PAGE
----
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Moving West

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photo of cutouts of people in the Moving West exhibit

During the 19th century, America's postal service was the primary medium of news and information. In Moving West, visitors encounter letters and stories of some of the western pioneers. 

Steamships took settlers and mail to the West Coast, but did little to encourage immigration between the West Coast and the Mississippi River. To entice settlers into the Great Plains, Congress passed the Homestead Act of 1862. The promise of 160 acres of free land lured thousands of eager immigrants to the West. In spite of their hunger for land, pioneers still wanted to feel connected to the rest of the country. Through mail contracts, Congress provided financial incentives to a growing number of stagecoach lines to create and maintain mail routes in the new territories.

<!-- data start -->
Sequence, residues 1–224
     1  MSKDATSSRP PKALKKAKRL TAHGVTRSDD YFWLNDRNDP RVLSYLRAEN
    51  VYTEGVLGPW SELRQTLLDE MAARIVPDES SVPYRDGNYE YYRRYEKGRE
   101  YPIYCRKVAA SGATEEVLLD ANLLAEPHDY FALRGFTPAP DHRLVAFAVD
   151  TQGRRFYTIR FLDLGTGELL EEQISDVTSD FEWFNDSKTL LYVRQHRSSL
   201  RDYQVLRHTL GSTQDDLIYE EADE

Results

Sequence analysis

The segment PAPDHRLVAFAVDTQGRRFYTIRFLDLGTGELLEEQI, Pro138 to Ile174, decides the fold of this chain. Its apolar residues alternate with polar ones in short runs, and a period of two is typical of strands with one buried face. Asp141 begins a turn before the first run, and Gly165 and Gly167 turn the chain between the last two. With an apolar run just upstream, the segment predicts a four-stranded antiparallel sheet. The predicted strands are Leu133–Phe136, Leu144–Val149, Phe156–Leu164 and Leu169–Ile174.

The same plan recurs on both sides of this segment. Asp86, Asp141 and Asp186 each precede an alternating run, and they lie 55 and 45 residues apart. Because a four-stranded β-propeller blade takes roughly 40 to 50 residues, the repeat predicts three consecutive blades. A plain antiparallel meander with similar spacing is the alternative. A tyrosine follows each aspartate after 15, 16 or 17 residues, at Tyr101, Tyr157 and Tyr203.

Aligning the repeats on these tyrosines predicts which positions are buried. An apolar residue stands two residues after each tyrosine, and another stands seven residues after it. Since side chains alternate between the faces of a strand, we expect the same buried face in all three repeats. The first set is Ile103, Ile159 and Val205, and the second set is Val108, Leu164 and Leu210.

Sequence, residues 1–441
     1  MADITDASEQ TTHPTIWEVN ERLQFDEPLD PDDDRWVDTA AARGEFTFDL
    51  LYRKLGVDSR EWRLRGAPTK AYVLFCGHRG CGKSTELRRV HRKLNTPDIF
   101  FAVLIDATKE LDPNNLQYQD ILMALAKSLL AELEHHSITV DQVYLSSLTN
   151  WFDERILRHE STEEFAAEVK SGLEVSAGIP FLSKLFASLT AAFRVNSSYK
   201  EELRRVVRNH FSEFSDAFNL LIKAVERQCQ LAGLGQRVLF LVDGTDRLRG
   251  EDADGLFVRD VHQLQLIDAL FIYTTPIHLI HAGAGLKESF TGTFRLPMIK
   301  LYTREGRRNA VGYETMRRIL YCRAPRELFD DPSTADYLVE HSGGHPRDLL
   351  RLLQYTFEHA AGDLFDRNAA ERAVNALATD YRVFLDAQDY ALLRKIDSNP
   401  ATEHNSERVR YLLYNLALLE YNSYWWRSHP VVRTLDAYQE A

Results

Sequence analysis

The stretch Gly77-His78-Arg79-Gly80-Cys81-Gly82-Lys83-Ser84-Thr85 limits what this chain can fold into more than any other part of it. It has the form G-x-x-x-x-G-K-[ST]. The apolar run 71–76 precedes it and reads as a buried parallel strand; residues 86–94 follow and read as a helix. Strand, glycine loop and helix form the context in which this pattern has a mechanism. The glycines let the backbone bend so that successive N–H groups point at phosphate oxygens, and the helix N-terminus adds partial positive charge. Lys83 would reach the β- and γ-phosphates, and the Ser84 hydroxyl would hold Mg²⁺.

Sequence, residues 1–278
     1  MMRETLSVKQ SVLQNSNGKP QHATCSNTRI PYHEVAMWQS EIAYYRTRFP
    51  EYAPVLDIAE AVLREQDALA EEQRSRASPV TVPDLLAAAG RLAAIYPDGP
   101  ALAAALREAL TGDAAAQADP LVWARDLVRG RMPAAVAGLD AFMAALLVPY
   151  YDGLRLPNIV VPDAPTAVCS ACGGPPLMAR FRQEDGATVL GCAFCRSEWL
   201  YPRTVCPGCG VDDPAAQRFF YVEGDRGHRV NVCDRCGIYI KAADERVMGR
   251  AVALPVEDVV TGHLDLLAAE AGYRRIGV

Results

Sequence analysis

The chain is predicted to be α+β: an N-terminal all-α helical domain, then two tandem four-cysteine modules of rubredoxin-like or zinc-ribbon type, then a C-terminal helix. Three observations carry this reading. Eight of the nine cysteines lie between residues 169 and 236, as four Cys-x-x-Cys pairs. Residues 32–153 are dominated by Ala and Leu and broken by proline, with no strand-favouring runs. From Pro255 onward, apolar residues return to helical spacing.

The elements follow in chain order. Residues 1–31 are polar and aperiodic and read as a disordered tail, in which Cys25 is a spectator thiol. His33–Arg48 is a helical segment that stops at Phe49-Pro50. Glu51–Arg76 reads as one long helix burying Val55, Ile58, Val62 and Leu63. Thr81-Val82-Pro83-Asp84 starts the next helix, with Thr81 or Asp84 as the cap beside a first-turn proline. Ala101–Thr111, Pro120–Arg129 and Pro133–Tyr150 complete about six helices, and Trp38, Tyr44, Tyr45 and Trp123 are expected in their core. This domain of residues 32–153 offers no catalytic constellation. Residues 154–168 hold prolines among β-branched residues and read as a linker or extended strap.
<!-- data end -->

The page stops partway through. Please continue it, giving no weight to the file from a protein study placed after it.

Your Letters are Read with Eagerness

A selection of letters show the critical importance of mail in the lives of the pioneers. 

Brown and Butterfield

Postmaster General Aaron Brown and stage line operator John Butterfield ensured that mail would be delivered across the new territories. 

Stagecoaches and Mud Wagons

Stagecoaches and mud wagons were the most commonly used horse-drawn vehicles to carry mail across the trans-Mississippi west. 

Life in the Stages

Here's what some who traveled on the stages and mud wagons had to say about the trip.